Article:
One of the most read entries on this blog is my 2016 take on the Canadian TULF Dividend Growth Portfolio. When re-reading the post and a couple of critical comments that it generated, I thought it would be worthwhile to revisit the entry and take a different perspective. Since it's been almost five years since the entry, my personal viewpoints have changed, and I'm going to attempt to argue in favor of the TULF portfolio by presenting counter examples to invalidate my three criticisms of Tom Connolly's four stock portfolio.
For any readers who aren't familiar with Tom Connolly, he published The Connolly Report investment newsletter for over 30 years, and is one of the best known Canadian dividend growth advocates. Mr. Connolly set out the idea of the four stock TULF portfolio, with "T" standing for telecommunication companies, "U" for utilities, "L" for low-yielding dividend growth stocks with growth potential, and "F" for financials. To ensure high quality companies, Mr. Connolly suggested investors limit themselves to the S&P/TSX Dividend Aristocrats Index, which consists of 87 members and can be traded under the CDZ ishares ETF. It is worth noting that Mr. Connolly had certain rules regarding eliminating any "high yield" stock with a payout over 6%, and then removing cyclical stocks (i.e. energy and mining) as they were perceived as too risky to include in a four stock portfolio.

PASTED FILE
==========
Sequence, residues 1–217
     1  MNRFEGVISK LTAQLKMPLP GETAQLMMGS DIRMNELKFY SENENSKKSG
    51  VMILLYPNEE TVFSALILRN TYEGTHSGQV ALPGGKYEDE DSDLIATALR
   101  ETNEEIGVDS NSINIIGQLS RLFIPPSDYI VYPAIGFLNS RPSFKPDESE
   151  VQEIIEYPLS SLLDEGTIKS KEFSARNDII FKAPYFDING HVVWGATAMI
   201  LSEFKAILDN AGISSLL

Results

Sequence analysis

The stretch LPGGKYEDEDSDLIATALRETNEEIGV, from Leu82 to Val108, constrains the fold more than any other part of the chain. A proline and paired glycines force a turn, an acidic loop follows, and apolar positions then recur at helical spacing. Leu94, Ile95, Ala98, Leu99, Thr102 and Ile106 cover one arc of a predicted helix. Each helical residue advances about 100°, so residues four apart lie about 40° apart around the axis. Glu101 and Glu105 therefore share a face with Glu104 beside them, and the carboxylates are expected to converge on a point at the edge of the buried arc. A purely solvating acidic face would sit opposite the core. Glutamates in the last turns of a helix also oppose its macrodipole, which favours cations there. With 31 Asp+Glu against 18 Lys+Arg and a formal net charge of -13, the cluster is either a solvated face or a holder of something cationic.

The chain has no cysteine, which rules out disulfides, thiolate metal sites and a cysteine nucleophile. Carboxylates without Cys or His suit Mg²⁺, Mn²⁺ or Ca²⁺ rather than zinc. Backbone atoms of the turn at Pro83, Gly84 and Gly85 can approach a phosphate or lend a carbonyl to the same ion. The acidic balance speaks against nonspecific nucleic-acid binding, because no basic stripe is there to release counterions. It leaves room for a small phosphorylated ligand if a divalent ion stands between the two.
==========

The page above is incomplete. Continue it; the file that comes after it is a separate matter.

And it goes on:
My three criticisms regarding the TULF portfolio are include below in italics, with my counterarguments in normal font.